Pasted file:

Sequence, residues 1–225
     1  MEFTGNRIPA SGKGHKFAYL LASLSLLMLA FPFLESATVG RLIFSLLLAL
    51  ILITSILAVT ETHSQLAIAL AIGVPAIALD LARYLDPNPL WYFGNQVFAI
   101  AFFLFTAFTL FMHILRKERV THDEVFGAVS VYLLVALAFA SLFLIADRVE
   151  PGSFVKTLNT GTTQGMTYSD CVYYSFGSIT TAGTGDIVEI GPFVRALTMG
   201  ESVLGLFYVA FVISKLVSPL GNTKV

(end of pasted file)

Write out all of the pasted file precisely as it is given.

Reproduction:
Sequence, residues 1–225
     1  MEFTGNRIPA SGKGHKFAYL LASLSLLMLA FPFLESATVG RLIFSLLLAL
    51  ILITSILAVT ETHSQLAIAL AIGVPAIALD LARYLDPNPL WYFGNQVFAI
   101  AFFLFTAFTL FMHILRKERV THDEVFGAVS VYLLVALAFA SLFLIADRVE
   151  PGSFVKTLNT GTTQGMTYSD CVYYSFGSIT TAGTGDIVEI GPFVRALTMG
   201  ESVLGLFYVA FVISKLVSPL GNTKV